Friday, October 8, 2021

Algae feed for dairy cows gets research funding

 The United States Department of Agriculture (USDA) is granting $10 million to a number of researchers aiming to use algae in dairy cow rations to reduce methane emissions.

Algae could also become a feed source that would reduce the demand for crops and associated environmental impacts.

The five-year grant from USDA Sustainable Agriculture Systems Program will support a research team led by Nichole Price with Bigelow Laboratory for Ocean Sciences and Colby College. 

“This grant allows us to bring together a multidisciplinary team of world-class experts in their fields,” said Price, the project director. 

“This is a team that has already been working well together for several years on finding pointed solutions for sustainability within the cattle industry. Now, we can expand our scope and work together on a whole-systems approach to sustainably enhance U.S. milk production.”

The project team includes researchers from Syracuse University, University of New Hampshire, University of Vermont, Clarkson University, and William H. Miner Agricultural Research Institute. The collaboration will also support substantial teaching and extension projects.

Recent research has shown that certain algae-based feed additives reduce cows’ methane-emitting burps, and can be produced with a lower carbon footprint than land crops. They also allow for increased potential to recycle and recapture nutrients in the feed production process. 

Further studies show that microscopic algae can offer similar benefits, and could provide a scalable solution for farms of all sizes.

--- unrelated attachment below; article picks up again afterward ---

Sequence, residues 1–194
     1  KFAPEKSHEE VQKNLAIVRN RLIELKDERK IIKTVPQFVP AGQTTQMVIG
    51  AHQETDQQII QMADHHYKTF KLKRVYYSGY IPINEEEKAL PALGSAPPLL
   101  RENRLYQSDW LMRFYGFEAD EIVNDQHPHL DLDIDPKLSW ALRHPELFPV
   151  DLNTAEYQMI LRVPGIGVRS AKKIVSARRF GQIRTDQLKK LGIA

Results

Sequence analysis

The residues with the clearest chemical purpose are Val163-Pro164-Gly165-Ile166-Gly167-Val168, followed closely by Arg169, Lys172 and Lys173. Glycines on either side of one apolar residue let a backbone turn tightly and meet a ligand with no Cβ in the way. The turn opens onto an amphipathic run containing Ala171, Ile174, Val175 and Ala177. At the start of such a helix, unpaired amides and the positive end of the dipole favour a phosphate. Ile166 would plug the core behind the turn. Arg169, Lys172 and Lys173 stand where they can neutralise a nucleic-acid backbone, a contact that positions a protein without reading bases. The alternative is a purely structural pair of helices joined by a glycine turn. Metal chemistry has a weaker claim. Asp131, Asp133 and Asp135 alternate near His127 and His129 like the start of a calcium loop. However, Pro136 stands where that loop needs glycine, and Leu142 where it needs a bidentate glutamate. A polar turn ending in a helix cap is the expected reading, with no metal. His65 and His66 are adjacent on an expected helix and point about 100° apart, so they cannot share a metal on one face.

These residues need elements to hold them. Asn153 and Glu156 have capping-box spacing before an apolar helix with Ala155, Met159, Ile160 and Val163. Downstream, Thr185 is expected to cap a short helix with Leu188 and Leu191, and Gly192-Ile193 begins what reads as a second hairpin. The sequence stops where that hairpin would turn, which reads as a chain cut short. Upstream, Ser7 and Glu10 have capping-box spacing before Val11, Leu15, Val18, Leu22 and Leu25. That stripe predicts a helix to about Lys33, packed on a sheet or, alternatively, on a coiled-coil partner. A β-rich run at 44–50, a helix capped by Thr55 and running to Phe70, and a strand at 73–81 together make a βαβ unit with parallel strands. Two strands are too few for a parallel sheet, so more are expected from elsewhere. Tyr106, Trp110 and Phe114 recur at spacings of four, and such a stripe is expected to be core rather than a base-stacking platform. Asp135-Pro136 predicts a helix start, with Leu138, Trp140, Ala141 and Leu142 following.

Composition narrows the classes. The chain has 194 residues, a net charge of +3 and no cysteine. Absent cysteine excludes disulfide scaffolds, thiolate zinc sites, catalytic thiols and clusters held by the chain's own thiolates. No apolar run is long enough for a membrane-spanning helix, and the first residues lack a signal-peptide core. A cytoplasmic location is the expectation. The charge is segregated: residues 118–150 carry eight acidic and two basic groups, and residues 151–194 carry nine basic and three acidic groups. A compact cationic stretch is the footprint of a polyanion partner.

To turn these scientific findings into an economic opportunity, a team of economists and other social scientists will look at how to integrate the product into the supply chain, make it profitable for each stakeholder, and foster its adoption through community outreach and decision-making tools.

“The supplement may work perfectly, but it can only be a real solution if supply chain actors will buy it and farmers adopt it,” said University of Vermont Professor of Community Development and Applied Economics David Conner, a collaborator on the project. “In order to succeed, we have to make sure the entire process is economically resilient and can survive market shocks, support dairy production, and promote a healthy agricultural economy.”

Feed trials will investigate the impact of algal ingredients on an array of cows and farms. By testing supplements with feeds available in different geographic areas, researchers can develop a nutritious additive that is widely applicable and more impactful. 

In conjunction, the researchers will also evaluate the supplement’s impact on the cows’ wellbeing.